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BobTheGardener


Latest posts by BobTheGardener

Talkback: How to plant a bare-root rose

Posted: 25/01/2014 at 14:54

Agree with Dove and I'd also suggest planting them a little deeper to cover and protect potential buds at the bottom of the stems.  Some new roses arrived at about this time last year and had rather a lot of fresh growth on them which was later killed by frosts.  I was experimenting with planting depth at the time and out of the 4, the 2 I planted deeper sent up new shoots from the buried stems in the spring and flowered just fine.  The two planted with the graft at soil level died.

Big garden bird watch

Posted: 25/01/2014 at 11:25
flowersforbees wrote (see)

I know just what you mean Nutcutlet!  I had a flock of starlings came down onto

the bird table this morning, but it was impossible to count them as they were

constantly changing position and as others flew in, some flew off!  Have been able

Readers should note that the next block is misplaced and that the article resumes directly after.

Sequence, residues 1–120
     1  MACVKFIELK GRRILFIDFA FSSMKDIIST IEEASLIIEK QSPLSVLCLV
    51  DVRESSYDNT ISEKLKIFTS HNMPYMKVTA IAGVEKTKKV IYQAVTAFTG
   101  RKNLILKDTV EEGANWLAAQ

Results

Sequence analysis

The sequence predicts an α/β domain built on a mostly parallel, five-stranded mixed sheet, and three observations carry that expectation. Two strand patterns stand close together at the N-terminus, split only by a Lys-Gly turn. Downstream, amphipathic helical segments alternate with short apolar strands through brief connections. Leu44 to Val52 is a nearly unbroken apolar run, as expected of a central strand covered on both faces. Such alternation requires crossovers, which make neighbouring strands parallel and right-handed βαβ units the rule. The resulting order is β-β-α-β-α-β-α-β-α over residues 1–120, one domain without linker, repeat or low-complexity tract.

to count one robin, two blue tits, two great tits, one thrush, five blackbirds, eight

sparrows and seventeen starlings (but there were probably about twenty five - they

just wouldn't stay still).

I know what you mean about the starlings - they go crazy over mealworms!  Love the collective nouns for them: Chattering, affliction or murmuration!  However, I have my own - a squabble of starlings!

Anti fungal help

Posted: 24/01/2014 at 19:10

Hi RD, I think we all try and spray chemicals around as little as possible these days.  If you wash your pots and seed trays in hot water with a bit of detergent and use good quality seed compost you should be fine.  You can even microwave the seed compost to sterilize it if you like.  Gardeners of old used to make anti-fungal sprays using various compounds which were easily available from chemists (eg copper sulphate) but as most of the chemicals used were quite poisonous to humans if accidentally (or otherwise) consumed, the powers that be have restricted the sale of most of them in recent decades.

Best way to i.d this plant?

Posted: 24/01/2014 at 00:00